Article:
The Making of a Meet

IMG_16521As the weekend came to a close, and the equipment truck door closed (thanks to Hannah's acrobatics), I thought, "whew, we did it".  But that wasn't the end.  We unloaded our loads of Pinnacle and personal items that had been borrowed for the weekend, tidied up open balances, posted results, and began looking forward to next year's event.

Pinnacle is new in the invitational world, however we have grown accustomed to hosting meets over the past 4 years.  The first time we did it, it was overwhelming.  There was stress from the time we agreed to host until the week following the competition.  Each time we have hosted a competition, the level of stress has declined.  Confidence has increased throughout my staff and we even sometimes think we are good at it.

Here is a rundown of how the Pinnacle Pacer came into existence.  Please note I will skip things in this description, however the key parts are all listed.  Only gymnastics geeks like myself would enjoy the entire story.

Hannah and I began brainstorming ideas for a host meet at the end of the 2013-2014 season.  Some reasons for hosting included: having another local meet all of our athletes could attend, having sanctioned matting at an off site facility, and becoming a larger part of the Kansas and USA Gymnastics community.

From there, we had to find somewhere to do it.  When you host a meet, there are very specific matting and space requirements that must be met based on the levels in the competition.  For level 8-10 athletes, runways have to be a minimum of 76 feet, beams have to have a mount and dismount mat on each end, floor corners must be padded.  In addition, you have to fight the volleyball and basketball leagues that take up the majority of the gym space in the Kansas City metro, practically every weekend.

Then, I took my kids to science camp at the Shawnee Civic Centre and thought "I could host a meet here!".  I called Hannah and told her I had the perfect spot.  Close to our families, volunteers, and within the Shawnee community.  We were able to come to an agreement on rental and dates and then the real planning kicked in.

When you host a meet, you have to apply for a sanction from USA Gymnastics.  This provides insurance for the participants in the competition, provided that strict criteria for matting, personnel, and conduct are adhered to.  Once I had the sanction, I began advertising our meet to local and regional clubs.  Pinnacle is lucky to have such amazing support from other local clubs that our meet began filling: quickly.  It really is like a pseudo family.  As much as metro clubs compete against each other and vie for regional and national spots, we also come together to make invitationals in Kansas City successful.  I am so grateful to have so many great relationships with other coaches and owners in the Kansas City metro.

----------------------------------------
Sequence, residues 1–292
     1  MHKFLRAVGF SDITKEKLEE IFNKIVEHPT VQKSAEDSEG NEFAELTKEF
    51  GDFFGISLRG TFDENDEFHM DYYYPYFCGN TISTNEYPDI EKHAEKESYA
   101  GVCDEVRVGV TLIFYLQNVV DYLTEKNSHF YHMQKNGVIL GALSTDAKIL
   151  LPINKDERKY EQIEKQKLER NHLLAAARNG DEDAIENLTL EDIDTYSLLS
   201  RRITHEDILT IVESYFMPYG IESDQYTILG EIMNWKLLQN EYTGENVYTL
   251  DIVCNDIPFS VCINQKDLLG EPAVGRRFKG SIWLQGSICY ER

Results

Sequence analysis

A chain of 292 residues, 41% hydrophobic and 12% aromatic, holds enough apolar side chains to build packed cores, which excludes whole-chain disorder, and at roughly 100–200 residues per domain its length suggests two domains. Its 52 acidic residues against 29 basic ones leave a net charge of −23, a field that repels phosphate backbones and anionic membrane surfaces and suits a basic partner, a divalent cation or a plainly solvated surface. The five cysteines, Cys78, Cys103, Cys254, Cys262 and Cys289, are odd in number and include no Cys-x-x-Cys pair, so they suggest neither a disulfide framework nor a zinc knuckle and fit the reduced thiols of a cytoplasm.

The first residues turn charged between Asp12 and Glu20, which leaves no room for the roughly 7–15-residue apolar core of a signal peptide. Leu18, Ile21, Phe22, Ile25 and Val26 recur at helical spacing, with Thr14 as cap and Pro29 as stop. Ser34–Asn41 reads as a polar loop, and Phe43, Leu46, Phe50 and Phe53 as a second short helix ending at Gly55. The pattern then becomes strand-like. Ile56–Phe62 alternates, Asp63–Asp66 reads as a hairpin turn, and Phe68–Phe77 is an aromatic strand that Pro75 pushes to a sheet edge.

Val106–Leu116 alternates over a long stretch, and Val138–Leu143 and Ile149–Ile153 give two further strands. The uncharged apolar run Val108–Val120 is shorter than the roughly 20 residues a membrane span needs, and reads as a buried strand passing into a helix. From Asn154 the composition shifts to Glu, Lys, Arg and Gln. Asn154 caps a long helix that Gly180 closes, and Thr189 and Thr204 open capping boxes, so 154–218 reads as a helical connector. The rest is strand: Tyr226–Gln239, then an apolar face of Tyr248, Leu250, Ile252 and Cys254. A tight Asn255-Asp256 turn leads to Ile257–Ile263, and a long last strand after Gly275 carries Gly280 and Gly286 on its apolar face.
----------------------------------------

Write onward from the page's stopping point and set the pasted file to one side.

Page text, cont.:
Also exciting news, I started receiving entries from Nebraska teams!

Once I started getting rosters from clubs, I then had to verify memberships.  This involves making sure that every athlete and coach entered in the competition is a USA Gymnastics member in good standing.  From there, I put the rosters into sessions and made the schedule.  Some of the schedule depends on the availability of judges.  For most judges, this is a part time job and they are not always available during the week.  However, due to the large number of entries, I knew we would have to start on Friday.

The Kansas National Association of Women's Gymnastics Judges (NAWGJ) assigns judges to each competition held in the state.  A meet referee is assigned to the meet and works with the Meet Director to make sure the schedule will work and assign judges to each event panel.

So we are looking good, right?  We have a place, athletes and coaches, and judges.  Now it's time for the execution.

Off site meets require the rental of equipment.  We rented from a company based out of Arkansas.  When they delivered the equipment, we had 4 1/2 hours until our first session started.  Time to get moving!  We had an amazing group of gym parents and employees that helped unload the truck and assemble every piece of equipment.  I wish we would have videoed so I could show you a time lapse of the morning.  It was an amazing process.
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Once everything was set up: it was pretty much smooth sailing.  My staff has been to so many meets as both athletes and coaches, that the actual meet part feels easy.  That is also probably in part of the amazing amount of preparation that my staff puts into the weekend.  From meals, to vendors, to equipment placing, everything is mapped out prior to the weekend in hopes of a glitch free competition.

So as amazingly long as this is, consider it the Cliff's Notes version of meet hosting.  If you ever want the full story, we can go to lunch!

To all those that attended the Pacer (and those who didn't), best of luck the remainder of the season and we hope to see you next year!


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